Doctors may recommend a biopsy to obtain a sample from a thyroid nodule. Testing the sample in a laboratory can help indicate whether the nodule is cancerous or benign.

Though most tend to be benign, it is difficult to know this without testing. A biopsy can also help doctors determine the best course of treatment if needed.

Before a thyroid nodule biopsy, a doctor will explain the possible risks so a person can make an informed decision about having one. While a person may feel discomfort during the procedure, it is safe.

This article discusses thyroid nodule biopsies, their indications, expectations of the procedure, and recovery.

scientist looking through the microscopeShare on Pinterest
sanjeri/Getty Images

A thyroid nodule biopsy is a surgical procedure that involves removing a small tissue sample from the thyroid gland for laboratory testing. This helps doctors determine if a thyroid nodule or growth is cancerous or benign.

Generally, it is a minimally invasive procedure. Doctors can use a fine needle aspiration technique to obtain the tissue sample.

Laboratory results can assist doctors in diagnostics and clinical decision-making, especially in monitoring patients on therapy.

Learn more about thyroid nodules.

If a person has a nodule in their neck, or a doctor suspects they may have one, the doctor will likely investigate to determine whether a thyroid nodule biopsy is necessary. They typically request an ultrasound based on findings and if the person has a high risk of thyroid cancer.

Generally, a doctor will recommend a biopsy if the thyroid nodule is above 1 centimeter (cm) in diameter and an ultrasound show irregular margins with microcalcifications, which are calcium deposits. This could indicate malignancy.

Individuals with a family history of thyroid cancer or a history of rapid thyroid nodule growth may also require a biopsy.

Learn more about thyroid cancer.

Before a thyroid nodule biopsy, the doctor will explain the risks and benefits of the procedure and get the person’s consent to perform it.

There are typically no specific preparations before the procedure. However, the doctor could make specific recommendations depending on the person’s clinical status and medication history. For example, they may instruct people to stop taking blood thinner medications a few days before the procedure.

During the procedure

Doctors perform a thyroid nodule biopsy in an outpatient clinic with or without local anesthesia. The person lies on the examination bed with their neck hyperextended to reveal the thyroid gland. Healthcare professionals may tell them not to move or talk. It can take up to 30 minutes to complete the procedure.

The doctor may use an ultrasound scan to guide the process. After using a needle to obtain a sample, the doctor cleans the area and applies firm pressure using an adhesive bandage to reduce any risk of bleeding.


Straight after the procedure, the doctor may closely observe the person, usually for a few minutes.

Most individuals tolerate the procedure with little or no adverse effects. Some may experience bruising, mild pain at the biopsy site, and transient minor bleeding.

The doctor may also instruct the person on wound care to reduce the risk of infection.

Learn more about biopsy procedures.

Results may take 2 weeks or longer to be ready.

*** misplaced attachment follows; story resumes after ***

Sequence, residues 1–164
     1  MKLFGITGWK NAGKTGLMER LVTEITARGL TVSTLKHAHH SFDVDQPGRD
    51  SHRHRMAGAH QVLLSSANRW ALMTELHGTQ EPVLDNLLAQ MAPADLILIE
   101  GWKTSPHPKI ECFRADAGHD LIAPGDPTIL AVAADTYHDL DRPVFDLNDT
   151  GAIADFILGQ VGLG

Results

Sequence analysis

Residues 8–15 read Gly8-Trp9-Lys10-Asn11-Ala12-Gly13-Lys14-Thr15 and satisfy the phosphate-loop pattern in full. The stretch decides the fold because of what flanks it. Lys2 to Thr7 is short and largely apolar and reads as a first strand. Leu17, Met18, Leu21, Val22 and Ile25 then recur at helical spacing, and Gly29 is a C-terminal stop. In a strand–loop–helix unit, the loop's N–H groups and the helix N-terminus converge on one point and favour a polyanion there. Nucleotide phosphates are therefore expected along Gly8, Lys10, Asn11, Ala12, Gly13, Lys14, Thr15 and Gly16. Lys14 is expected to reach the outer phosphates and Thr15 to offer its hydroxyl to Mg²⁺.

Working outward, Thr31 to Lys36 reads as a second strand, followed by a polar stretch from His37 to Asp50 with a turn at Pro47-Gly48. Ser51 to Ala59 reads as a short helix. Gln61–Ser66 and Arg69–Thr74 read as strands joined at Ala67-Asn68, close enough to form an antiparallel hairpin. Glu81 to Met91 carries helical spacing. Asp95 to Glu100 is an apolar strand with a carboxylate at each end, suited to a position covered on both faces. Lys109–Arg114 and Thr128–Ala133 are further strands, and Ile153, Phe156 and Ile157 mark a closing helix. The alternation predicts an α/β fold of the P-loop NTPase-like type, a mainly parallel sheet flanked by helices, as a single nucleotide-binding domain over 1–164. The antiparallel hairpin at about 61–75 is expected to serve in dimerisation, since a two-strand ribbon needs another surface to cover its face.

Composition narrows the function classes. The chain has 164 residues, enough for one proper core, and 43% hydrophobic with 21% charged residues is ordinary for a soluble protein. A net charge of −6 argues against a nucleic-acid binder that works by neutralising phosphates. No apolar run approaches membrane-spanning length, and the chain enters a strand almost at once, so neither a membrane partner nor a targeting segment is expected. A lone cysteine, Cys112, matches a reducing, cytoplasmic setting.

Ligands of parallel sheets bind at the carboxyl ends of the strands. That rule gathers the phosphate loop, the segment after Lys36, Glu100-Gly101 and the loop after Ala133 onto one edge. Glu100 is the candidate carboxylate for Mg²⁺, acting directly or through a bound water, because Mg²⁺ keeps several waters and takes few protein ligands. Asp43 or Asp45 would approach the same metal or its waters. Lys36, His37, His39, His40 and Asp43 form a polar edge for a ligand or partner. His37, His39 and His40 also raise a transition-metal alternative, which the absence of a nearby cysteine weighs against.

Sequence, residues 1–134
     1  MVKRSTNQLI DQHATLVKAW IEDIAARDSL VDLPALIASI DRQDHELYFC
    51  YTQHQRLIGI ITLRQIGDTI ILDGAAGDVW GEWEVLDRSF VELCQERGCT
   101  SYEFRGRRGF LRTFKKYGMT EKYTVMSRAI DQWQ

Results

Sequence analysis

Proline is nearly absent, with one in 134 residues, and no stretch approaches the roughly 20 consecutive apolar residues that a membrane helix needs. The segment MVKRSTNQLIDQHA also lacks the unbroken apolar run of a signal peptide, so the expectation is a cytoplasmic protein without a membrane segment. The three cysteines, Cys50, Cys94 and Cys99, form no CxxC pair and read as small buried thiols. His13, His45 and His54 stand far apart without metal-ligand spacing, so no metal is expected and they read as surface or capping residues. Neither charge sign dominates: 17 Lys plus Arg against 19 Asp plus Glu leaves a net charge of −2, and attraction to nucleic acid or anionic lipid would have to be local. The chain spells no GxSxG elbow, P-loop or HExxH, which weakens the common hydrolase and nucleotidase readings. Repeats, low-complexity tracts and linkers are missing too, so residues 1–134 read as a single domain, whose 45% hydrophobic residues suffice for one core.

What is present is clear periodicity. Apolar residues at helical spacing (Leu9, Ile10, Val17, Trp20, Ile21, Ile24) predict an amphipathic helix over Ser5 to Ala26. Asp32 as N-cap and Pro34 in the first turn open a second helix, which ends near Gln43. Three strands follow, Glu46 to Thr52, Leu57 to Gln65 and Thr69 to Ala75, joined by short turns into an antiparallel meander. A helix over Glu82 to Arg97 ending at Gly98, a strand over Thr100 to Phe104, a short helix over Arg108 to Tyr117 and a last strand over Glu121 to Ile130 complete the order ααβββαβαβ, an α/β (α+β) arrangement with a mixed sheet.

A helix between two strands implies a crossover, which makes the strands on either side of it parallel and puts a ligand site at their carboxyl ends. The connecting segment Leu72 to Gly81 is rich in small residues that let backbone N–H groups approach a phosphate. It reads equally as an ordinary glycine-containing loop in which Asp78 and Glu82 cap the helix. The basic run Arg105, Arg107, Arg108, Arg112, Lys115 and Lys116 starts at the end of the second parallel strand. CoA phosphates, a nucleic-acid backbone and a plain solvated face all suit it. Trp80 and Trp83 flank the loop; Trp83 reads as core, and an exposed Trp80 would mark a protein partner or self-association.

According to the American Thyroid Association, there are six possible results of a thyroid biopsy:

  • Nondiagnostic: There were insufficient cells in the sample to make an accurate diagnosis. People typically require a repeat biopsy after this result.
  • Benign: This indicates that the nodules are not cancerous. Individuals may require periodic follow-ups and ultrasound scans for monitoring purposes.
  • Malignant: The nodule is cancerous. Most cancerous thyroid nodules require surgical removal.
  • Suspicious for malignancy: The nodule is not cancerous but presents with suspicious features that necessitate further testing.
  • Suspicious for follicular neoplasm: Doctors may also call this result “indeterminate.” It means the nodule may have cancerous features, and further testing is necessary.
  • Atypia of undetermined significance or follicular lesion of undetermined significance: The nodule has suspicious features requiring further tests, such as genetic testing.

Some people may have concerns about a thyroid biopsy procedure. A doctor can provide advice and reassurance.

Common questions a doctor may be able to answer include the following:

  • What are the possible risks and complications?
  • What is the duration of the procedure?
  • What are the expectations during the recovery period?
  • Are there any specific instructions for after the procedure?
  • How long does it take for the biopsy result to be ready?
  • What are the possible outcomes of the biopsy?

Asking these and other questions can help the person make an informed decision.

A thyroid nodule biopsy is a clinical procedure to obtain a small tissue sample from the thyroid gland. It is minimally invasive and doctors typically use it for diagnostic and monitoring purposes. They then send the sample to a laboratory for a series of tests, which can help indicate whether a nodule is cancerous or benign.

Generally, doctors recommend a thyroid nodule biopsy if the thyroid nodule or swelling is larger than 1 cm in diameter and a person has suspicious ultrasound findings, such as irregular margins with microcalcifications.

Doctors typically perform a thyroid nodule biopsy in an outpatient clinic, and most individuals tolerate the procedure with minimal side effects.